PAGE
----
What Does an Athletic Trainer Do?
Learn About the Salary, Required Skills, & More
Athletic trainers are health care workers who diagnose and treat those who have sustained injuries to their muscles and bones. They also teach others how to prevent injuries. Their patients are usually athletes, but others might seek treatment as well. An athletic trainer works under the direction of a physician.
Most athletic trainers have jobs at colleges, elementary schools, middle schools, and high schools. They also work at hospitals and fitness centers. Professional sports teams employ some athletic trainers.
Although this career is often confused with a fitness trainer, these two occupations have little in common. About 27,800 people work in this occupation in 2016.
Athletic Trainer Duties & Responsibilities
An athletic trainer's exact responsibilities can depend to some extent on the employer, but some common duties include:
- Deliver athlete medical care and provide first aid techniques.
- Answer patient question empathetically helpfully.
- Monitor athletic events and team practices.
- Perform initial athletic training evaluations.
- Act as liaison between the patient and physicians, support staff, and medical assistants.
- Prevent athletic injuries through education and intervention.
- Assist with maintaining all medical records.
Athletic Trainer Salary
The pay for athletic trainers can depend heavily on their employers, such as whether they work for an elementary school or in professional sports. Overall, the median incomes including all employers are:
- Median Annual Income: $47,510 ($22.84/hour)
- Top 10% Annual Income: More than $70,750 ($34.01/hour)
- Bottom 10% Annual Income: Less than $31,010 ($14.91/hour)
Source: U.S. Bureau of Labor Statistics, 2018
Education, Training & Certification
Those looking for a career as an athletic trainer should ideally have a college degree and get licensed.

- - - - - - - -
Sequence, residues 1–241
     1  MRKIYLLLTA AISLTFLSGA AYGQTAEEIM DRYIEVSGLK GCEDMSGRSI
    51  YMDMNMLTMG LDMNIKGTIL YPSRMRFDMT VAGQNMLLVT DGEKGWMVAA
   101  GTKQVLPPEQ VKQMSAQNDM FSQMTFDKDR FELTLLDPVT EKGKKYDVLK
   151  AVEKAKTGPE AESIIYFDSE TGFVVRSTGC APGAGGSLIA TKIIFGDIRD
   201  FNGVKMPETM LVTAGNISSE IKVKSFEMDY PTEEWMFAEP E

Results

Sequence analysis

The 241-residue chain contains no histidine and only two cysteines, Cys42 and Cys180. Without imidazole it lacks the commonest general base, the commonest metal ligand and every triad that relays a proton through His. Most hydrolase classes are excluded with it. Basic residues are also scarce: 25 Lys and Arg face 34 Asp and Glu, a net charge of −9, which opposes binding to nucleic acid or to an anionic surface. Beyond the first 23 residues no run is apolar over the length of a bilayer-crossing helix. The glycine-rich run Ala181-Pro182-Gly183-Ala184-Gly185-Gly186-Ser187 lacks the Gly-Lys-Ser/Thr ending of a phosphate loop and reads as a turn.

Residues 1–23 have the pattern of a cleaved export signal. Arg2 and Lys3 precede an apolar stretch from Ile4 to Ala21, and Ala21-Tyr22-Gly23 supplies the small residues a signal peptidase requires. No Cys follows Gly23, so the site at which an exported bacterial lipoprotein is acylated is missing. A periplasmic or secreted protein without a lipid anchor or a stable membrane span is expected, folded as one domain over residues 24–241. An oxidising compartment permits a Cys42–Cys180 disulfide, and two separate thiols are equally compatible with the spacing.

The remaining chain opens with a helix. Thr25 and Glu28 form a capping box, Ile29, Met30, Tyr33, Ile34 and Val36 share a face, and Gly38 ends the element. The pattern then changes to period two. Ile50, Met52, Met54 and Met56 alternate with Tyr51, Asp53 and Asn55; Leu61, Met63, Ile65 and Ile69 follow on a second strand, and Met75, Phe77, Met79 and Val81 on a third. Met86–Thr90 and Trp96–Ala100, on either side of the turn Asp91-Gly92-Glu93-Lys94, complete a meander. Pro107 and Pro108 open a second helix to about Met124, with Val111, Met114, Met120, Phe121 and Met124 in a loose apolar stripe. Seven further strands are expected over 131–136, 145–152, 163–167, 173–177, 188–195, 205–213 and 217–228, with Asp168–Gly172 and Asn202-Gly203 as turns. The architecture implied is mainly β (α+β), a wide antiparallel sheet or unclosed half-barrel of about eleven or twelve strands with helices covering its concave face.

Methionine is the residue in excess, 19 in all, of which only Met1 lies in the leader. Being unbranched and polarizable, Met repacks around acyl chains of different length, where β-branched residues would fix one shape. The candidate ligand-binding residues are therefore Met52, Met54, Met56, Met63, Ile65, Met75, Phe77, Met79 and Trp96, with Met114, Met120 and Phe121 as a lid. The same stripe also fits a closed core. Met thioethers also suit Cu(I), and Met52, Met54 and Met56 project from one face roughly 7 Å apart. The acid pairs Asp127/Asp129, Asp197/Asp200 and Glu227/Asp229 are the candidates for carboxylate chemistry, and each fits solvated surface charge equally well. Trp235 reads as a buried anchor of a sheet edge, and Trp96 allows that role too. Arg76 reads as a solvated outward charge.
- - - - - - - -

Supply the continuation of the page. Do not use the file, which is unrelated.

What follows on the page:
- Education: This health career requires a bachelor's degree at a minimum but a master's degree is preferable and, in fact, the majority of athletic trainers do have master's degrees. A bachelor's degree should be earned in a program that has been accredited by the Commission on Accreditation of Athletic Training Education (CAATE).
- Licensure: Most states require that athletic trainers be licensed or registered. Most use an exam administered by the Board of Certification, Inc. (BOC).
- Certification: Some employers will only hire athletic trainers who have undergone concussion management training and received certification.
Athletic Trainer Skills & Competencies
In addition to education, training, and licensure, you should also possess certain qualities, known as soft skills, to succeed in this field.
- Listening and verbal communication skills: You must be able to understand what patients and coworkers tell you and to clearly convey information to them.
- Interpersonal skills: You must be able to read patients' non-verbal cues.
- Compassion: You'll be dealing with patients who are in pain.
- Decision-making ability: The ability to make potentially life-altering decisions on the spot is vital.
- Critical thinking skills: Sound decision-making and problem-solving require the ability to weigh the value of possible solutions before choosing the best available option.
- Attention to detail: You must be extremely accurate when you're recording information.
- Nerves of steel: You should be able to maintain emotional control in stressful situations and to effectively manage emergencies.
The U.S. Bureau of Labor Statistics classifies this as a "bright outlook" occupation due to its excellent job outlook. The agency predicts that employment of athletic trainers will grow much faster than the average for all occupations between 2016 and 2026, by about 23%.
This is due to a growing national awareness of sports-related injuries and their aftereffects. Some states have actually begun to require high schools to employ athletic trainers. Americans are remaining active well into their older years now as well, and this is also an influence.
Expect to travel frequently if you work for a sports team. When the team goes on the road, so will you. You'll also have to travel to away games even if you work for a community youth team or high school.
This is a physically demanding job. Expect to spend a significant portion of your shift standing. You'll also have to lift patients.
The majority of athletic trainers work full time. Because athletic events often take place on evenings and weekends, you'll have to work during those times if a school or professional team employs you.
How to Get the Job
The Centers for Disease Control (CDC) offers online training and certification, and several private organizations do as well. Many employers mandate concussion, CPR, AED, and first aid certification.
Comparing Similar Jobs
Some similar jobs and their median annual pay include:
Source: U.S. Bureau of Labor Statistics, 2018